Local food trucks may now face more competition for parking spots in the District.
The District Department of Consumer and Regulatory Affairs announced last month that they will change the regulations of the D.C. food truck lottery – which assigns prime parking spots on a monthly basis – to limit vendors to one truck entry in the lottery each month starting in May. Owners of large food truck companies said the lottery will hurt business because it prevents vendors from putting multiple trucks on the road, but owners with few food trucks said the new regulation helps to ensure truck owners won’t cheat the system.
Tim Wilson, a DCRA spokesman, said the rule change was implemented to level the playing field between vendors with several food trucks and vendors with just one by giving equal access to the most desirable lottery locations, like those in Farragut Square.
“This new initiative would ensure that each licensee has one entry into the lottery regardless of the number of food trucks under the license,” Wilson said.
He said the new system prevents vendors from entering more trucks than they own into the lottery to have a better chance at getting the best parking spots, a practice known as using “ghost trucks.”
“When those trucks aren’t there, they’re either being given to someone else in an unauthorized manner or they’re just not showing up,” Wilson said. “That space could very well be used by another vendor.”
Wilson added that D.C.’s approximately 450 food truck vendors shouldn’t be concerned about the change because the “one-truck-per-business” rule is temporary, and adjustments allowing more than one truck to enter the lottery will be made in June based on the results of the test run.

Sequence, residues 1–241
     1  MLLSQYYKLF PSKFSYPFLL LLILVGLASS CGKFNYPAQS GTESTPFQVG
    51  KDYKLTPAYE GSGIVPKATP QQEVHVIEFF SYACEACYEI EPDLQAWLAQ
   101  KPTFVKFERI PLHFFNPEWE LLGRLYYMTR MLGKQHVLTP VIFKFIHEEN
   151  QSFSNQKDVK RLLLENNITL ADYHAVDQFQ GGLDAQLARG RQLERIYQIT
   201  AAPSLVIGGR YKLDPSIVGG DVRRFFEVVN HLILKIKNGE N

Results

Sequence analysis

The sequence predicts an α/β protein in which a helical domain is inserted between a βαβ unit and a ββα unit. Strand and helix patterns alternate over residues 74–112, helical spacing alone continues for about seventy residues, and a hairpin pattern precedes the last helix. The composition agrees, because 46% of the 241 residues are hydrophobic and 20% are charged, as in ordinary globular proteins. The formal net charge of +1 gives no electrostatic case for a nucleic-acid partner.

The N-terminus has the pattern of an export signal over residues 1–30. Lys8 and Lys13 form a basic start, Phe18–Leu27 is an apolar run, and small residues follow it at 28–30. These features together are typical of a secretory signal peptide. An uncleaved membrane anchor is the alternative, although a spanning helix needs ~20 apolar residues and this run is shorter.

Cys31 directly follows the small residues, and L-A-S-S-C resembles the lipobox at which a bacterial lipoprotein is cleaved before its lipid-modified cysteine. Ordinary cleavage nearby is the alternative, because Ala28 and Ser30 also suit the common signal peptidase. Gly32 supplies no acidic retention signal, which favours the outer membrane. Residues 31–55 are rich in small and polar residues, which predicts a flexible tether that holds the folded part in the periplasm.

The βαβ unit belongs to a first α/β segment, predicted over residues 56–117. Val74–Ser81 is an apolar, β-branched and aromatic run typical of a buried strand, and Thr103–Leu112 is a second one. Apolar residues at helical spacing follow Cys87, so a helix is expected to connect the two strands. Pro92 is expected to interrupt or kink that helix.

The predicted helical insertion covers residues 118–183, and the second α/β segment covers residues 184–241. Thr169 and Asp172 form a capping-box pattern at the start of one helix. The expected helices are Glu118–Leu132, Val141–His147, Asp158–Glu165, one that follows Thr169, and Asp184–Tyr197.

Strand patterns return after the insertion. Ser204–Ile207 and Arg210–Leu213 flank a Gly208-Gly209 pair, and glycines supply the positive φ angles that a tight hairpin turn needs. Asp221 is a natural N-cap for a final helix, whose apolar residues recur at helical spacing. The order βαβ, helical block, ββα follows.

Some truck owners said they oppose the limitation because it significantly limits the businesses of vendors with a large number of trucks.
Matt Dang, the owner of Yumpling, a dumpling-serving food truck, said the change prevents him from serving the maximum number of customers possible with his six trucks.
“By only allowing one truck per business, it’s slowing their opportunity, especially when some of us have three to four, four to five trucks that are roaming the streets at different, various locations at different times,” he said.
Dang added that the lottery provides 60 to 70 percent of his company’s business because the assigned spots sit where the majority of customers are, like Metro Center and Franklin Square, and his trucks will lose about 34 percent of their business if only one is given lottery spots.
“If they do that, I have to think about certain different strategies in order to keep my employees employed,” he said.
But other truck owners said they support the limitation because it gives smaller food truck companies the opportunity to perform just as well as bigger businesses.
Gurnem Singh, the owner of the Indian Flavors truck, said the limitation does not change much for his business because he usually enters only one of his two trucks into the lottery. He said that the new policy makes the lottery more fair for smaller food truck companies.
“If you have seven trucks, and one owner only has one truck, one truck will go to two days in the lottery and seven trucks, they have three days each,” he said. “That’s not really good.”
Jesse Konig, the co-owner of the Swizzler hot dog food truck, said he was initially skeptical of the limitation because of protests from other vendors, but he received the same number of assigned spots when he entered one truck in the May lottery as he had previously received when he entered two trucks.
“That’s interesting to see because there’s maybe a chance that there were so many of these ghost trucks they’re trying to combat in the lottery that they were actually able to, with this program, make it a much more fair system where each truck gets more spaces,” he said.
Konig added that his truck has a dependable parking spot on H Street with lots of student traffic, but this limitation can be detrimental to larger food truck chains that derive more business from the lottery spots.
“They are pretty much basing their entire business around having a set schedule for the majority of their trucks,” he said. “They’re certainly in a much scarier spot right now than we are.”